Age, Steroid Use, Low BMD Predict Bisphosphonate Scrips


DENVER — Significant predictors of receiving a bisphosphonate prescription within 90 days of a fracture for women are a low bone mineral density score after a fracture, being aged 65-74 years, and oral corticosteroid use, according to the results of a study of 2,000 women.

Women with a bone mineral density (BMD) T score of −2.5 or less in the 90 days after a fracture were almost five times as likely to receive a bisphosphonate prescription than women with higher T scores, according to a poster presented by Carl Asche, Ph.D., at the annual meeting of the American Society for Bone Mineral Research.

Women who were aged 65-74 years at the time of fracture were almost twice as likely to receive a prescription, compared with women younger than 65. Similarly, women taking oral corticosteroids also were more likely to receive a bisphosphonate prescription wrote Dr. Asche of the pharmacotherapy department at the University of Utah, Salt Lake City.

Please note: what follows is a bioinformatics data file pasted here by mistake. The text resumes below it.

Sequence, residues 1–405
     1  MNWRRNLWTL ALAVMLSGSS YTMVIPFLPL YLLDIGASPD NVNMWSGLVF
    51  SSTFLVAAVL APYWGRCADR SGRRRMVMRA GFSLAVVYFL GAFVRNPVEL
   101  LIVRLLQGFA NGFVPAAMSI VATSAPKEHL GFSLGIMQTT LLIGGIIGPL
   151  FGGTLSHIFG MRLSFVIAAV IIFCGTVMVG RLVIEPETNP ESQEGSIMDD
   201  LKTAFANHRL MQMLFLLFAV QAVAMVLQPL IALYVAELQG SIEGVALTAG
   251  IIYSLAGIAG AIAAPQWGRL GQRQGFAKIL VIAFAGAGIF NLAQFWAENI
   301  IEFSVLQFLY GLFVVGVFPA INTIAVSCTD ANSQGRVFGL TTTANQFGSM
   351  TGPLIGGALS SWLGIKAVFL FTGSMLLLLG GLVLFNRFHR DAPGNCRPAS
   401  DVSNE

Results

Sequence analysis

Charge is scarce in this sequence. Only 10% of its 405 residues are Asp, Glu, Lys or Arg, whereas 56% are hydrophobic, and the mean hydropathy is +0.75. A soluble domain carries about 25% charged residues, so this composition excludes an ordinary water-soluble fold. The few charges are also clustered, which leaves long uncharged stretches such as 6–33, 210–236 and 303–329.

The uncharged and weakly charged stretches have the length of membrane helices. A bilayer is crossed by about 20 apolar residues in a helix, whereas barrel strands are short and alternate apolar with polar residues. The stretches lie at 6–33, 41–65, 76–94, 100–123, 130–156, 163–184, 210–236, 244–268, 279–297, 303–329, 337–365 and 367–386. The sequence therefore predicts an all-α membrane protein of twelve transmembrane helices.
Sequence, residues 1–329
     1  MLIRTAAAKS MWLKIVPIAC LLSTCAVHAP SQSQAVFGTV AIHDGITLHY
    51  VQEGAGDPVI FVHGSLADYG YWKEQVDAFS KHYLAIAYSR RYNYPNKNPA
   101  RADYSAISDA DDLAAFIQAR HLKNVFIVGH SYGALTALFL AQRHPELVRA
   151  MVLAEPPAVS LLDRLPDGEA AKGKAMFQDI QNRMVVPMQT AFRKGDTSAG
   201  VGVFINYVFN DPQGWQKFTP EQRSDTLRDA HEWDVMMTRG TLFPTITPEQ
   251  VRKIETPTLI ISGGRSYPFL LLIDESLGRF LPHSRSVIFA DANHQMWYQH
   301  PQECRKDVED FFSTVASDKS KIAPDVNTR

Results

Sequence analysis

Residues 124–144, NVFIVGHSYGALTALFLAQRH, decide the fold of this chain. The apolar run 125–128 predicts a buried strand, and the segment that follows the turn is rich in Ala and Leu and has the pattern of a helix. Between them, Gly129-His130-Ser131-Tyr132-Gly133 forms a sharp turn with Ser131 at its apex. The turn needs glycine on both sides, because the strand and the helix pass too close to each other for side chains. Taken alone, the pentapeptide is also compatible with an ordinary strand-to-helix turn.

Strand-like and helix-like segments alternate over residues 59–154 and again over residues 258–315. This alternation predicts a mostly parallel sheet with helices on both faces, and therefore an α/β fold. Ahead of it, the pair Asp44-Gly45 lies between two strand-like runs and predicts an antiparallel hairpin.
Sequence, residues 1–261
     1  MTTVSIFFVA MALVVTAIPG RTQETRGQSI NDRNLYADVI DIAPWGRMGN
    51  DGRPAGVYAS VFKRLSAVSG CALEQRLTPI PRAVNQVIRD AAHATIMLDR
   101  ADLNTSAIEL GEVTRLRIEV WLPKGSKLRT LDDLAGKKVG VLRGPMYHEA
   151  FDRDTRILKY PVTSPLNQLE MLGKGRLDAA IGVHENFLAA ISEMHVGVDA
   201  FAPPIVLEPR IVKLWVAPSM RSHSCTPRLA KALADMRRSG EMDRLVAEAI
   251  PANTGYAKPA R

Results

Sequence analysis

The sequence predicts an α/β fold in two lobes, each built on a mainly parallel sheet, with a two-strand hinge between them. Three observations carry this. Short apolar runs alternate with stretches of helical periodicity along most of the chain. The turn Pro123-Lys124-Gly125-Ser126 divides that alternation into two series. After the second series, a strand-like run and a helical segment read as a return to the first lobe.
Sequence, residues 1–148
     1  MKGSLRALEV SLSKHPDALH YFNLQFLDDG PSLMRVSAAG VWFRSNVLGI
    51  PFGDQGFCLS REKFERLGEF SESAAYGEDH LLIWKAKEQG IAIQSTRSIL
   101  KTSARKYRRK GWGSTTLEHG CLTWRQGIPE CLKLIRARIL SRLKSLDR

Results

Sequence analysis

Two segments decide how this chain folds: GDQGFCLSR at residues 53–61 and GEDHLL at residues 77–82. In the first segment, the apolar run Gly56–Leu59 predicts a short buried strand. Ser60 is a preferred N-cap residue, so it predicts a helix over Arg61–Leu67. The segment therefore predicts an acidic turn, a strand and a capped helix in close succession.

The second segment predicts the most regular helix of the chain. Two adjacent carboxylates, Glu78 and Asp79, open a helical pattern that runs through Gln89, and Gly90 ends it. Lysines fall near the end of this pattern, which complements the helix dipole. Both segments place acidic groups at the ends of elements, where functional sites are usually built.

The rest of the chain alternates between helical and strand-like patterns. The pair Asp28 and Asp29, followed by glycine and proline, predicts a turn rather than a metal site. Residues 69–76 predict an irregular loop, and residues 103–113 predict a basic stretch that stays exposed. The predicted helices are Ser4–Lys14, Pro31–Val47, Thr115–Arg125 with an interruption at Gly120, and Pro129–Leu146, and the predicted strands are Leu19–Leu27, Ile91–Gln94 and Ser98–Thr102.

Using electronic health records from Geisinger Health System from Jan. 1, 2000, to June 30, 2007, women 50 years of age and older who had had a fracture were included. They also had to have continuous electronic health record activity for at least 365 days before and after the date of the fracture. Women were excluded if they had a diagnosis of osteoporosis, a bone mineral density score of −2.5 or less at the time of the fracture, a fracture in the 6 months prior to the index date, or a diagnosis of conditions known to impact bone density and quality.

A total of 2,000 women met the inclusion criteria, but less than 10% (188) received a prescription for a bisphosphonate within 90 days of fracture. “Very few women aged [over] 50 receive treatment with an oral bisphosphonate after having a fracture, leaving them potentially vulnerable to future fractures,” he noted.

Disclosures: The study was supported by the Alliance for Better Bone Health—Procter & Gamble Pharmaceuticals and Sanofi-Aventis U.S., which co-promote Actonel. Dr. Asche reported that he has a significant financial relationship with Sanofi-Aventis U.S.

Elsevier Global Medical News

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